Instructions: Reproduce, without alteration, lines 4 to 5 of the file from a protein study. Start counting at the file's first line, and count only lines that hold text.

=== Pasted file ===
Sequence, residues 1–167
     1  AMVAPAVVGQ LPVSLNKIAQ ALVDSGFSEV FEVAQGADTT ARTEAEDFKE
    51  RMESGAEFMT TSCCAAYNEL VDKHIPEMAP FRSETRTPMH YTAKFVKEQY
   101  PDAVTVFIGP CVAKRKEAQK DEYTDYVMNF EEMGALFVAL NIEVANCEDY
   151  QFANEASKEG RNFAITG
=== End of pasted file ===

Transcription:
   101  PDAVTVFIGP CVAKRKEAQK DEYTDYVMNF EEMGALFVAL NIEVANCEDY
   151  QFANEASKEG RNFAITG